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Data from: Frequently mated males have higher protein preference in German cockroaches

Citation

Jensen, Kim; Silverman, Jules (2018), Data from: Frequently mated males have higher protein preference in German cockroaches, Dryad, Dataset, https://doi.org/10.5061/dryad.qc8255v

Abstract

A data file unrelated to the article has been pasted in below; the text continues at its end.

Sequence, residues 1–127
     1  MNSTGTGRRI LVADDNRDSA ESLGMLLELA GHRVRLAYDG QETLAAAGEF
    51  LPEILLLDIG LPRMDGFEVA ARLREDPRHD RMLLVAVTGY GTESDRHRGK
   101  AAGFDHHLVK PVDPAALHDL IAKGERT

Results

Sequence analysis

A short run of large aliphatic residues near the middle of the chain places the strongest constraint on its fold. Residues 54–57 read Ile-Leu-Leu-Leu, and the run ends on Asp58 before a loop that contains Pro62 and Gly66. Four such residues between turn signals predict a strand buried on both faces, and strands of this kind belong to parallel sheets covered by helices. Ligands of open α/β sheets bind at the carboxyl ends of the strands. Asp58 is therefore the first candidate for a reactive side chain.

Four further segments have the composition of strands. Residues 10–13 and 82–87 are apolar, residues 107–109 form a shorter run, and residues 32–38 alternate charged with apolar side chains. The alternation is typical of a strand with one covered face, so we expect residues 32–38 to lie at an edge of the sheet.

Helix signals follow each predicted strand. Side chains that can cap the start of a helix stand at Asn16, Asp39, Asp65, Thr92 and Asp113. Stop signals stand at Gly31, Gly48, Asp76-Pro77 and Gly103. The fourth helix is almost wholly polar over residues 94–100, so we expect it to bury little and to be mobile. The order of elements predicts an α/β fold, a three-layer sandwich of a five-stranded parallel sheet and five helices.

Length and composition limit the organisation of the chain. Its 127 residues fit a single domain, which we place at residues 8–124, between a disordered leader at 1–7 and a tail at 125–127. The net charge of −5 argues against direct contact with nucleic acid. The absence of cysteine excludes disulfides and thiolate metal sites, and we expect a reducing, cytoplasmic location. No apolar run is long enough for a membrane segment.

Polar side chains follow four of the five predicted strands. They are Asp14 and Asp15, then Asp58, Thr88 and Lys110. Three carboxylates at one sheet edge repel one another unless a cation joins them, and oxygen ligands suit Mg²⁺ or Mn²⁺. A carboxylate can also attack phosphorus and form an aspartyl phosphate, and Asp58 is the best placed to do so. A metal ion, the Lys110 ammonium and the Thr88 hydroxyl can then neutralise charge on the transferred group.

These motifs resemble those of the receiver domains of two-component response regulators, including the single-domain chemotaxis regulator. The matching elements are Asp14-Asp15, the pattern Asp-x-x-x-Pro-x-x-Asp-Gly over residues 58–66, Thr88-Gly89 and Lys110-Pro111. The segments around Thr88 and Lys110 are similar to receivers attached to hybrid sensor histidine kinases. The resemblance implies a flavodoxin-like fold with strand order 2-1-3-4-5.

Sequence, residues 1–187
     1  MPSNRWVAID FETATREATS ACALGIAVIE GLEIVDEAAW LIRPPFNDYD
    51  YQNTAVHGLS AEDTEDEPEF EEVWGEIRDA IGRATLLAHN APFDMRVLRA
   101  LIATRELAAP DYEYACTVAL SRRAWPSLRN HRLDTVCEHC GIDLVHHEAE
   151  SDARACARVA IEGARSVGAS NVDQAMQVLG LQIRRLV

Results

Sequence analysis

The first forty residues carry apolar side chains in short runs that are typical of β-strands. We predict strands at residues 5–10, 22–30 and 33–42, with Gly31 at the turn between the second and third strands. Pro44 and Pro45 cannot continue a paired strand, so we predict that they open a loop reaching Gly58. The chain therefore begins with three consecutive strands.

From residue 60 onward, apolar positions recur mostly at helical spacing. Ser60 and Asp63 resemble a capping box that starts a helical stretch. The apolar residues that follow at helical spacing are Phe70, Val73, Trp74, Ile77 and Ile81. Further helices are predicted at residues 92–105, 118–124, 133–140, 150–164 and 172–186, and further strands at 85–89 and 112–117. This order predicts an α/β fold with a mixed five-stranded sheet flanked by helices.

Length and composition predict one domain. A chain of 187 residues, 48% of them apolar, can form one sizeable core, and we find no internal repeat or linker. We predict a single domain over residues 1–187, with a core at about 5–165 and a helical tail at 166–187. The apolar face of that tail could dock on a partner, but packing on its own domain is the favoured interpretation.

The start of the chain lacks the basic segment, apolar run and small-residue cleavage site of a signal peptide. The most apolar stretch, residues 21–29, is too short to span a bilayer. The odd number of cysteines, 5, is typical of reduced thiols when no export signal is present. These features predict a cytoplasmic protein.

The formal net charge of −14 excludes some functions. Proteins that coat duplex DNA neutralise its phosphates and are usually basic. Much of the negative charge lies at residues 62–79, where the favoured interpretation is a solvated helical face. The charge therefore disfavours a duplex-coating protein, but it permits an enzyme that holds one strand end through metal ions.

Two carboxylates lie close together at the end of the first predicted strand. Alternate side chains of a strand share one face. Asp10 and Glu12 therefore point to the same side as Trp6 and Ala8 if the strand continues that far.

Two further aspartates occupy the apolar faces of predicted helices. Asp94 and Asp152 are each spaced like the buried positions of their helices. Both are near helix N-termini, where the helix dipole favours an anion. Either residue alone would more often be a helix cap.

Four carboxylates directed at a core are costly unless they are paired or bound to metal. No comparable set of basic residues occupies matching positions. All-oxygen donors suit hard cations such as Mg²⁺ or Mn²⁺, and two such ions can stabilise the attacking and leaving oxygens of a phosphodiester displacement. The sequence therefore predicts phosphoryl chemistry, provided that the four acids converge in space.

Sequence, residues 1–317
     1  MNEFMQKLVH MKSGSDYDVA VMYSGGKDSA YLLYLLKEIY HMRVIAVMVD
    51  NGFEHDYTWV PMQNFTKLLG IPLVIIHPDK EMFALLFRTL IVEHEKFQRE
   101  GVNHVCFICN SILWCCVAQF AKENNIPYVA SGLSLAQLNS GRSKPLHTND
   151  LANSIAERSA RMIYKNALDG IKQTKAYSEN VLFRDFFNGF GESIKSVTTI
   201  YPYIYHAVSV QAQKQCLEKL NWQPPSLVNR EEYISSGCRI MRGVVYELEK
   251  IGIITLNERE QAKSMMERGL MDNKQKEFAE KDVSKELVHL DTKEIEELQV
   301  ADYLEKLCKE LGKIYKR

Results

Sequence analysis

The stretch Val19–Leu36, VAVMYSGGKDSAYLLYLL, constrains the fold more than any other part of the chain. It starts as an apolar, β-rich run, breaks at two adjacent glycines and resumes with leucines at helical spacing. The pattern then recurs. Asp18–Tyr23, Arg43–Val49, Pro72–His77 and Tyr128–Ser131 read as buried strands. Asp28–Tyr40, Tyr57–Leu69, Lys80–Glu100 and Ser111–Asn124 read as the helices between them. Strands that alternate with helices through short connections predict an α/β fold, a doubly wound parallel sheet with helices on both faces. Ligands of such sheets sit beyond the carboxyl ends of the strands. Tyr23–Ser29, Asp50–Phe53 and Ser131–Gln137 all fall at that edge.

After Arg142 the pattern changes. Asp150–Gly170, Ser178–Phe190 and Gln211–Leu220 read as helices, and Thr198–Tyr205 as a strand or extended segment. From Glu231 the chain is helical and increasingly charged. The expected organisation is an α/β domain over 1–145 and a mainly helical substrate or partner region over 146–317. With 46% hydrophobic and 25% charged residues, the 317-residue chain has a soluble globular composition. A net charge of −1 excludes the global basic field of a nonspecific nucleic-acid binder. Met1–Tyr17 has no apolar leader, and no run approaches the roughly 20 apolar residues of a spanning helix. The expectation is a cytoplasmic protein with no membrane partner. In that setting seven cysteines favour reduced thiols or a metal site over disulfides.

Protein is an abundant nutrient in sperm, and males therefore expend protein every time they mate. In addition, many males provide the female with a nitrogen-rich nuptial gift during mating, which often increases female fertility by supplementing her pool of limiting nutrients. However, it is unknown whether males compensate for the nitrogen cost of mating by increasing their preference for protein, which would facilitate the production of new sperm and nuptial gift material. Using artificial diets, we investigated whether male German cockroaches (Blattella germanica) would compensate for nitrogen expenses of mating by increasing protein preference when given the opportunity to self-select their diet from complementary foods differing only in protein- and carbohydrate content. We distributed adult males across four mating regimes differing in the frequency of mating opportunities with receptive females, and measured protein- and carbohydrate consumption as well as reproductive output over the lifespan of each male. Receptive females were either never available (no mating opportunity), or they were available overnight at a frequency of each 28 days (rare mating opportunities), each 14 days (occasional mating opportunities), or each seven days (frequent mating opportunities). Males selected highly carbohydrate-biased diets. However, males that mated more frequently had higher consumption and reproduction, and self-selected higher lifetime protein to carbohydrate ratios. Our study demonstrates that male German cockroaches actively select a more protein-biased diet that compensates for their nutritional requirements following mating. The study shows that male mating significantly affects foraging decisions for specific nutrients to compensate for the expenses of mating.

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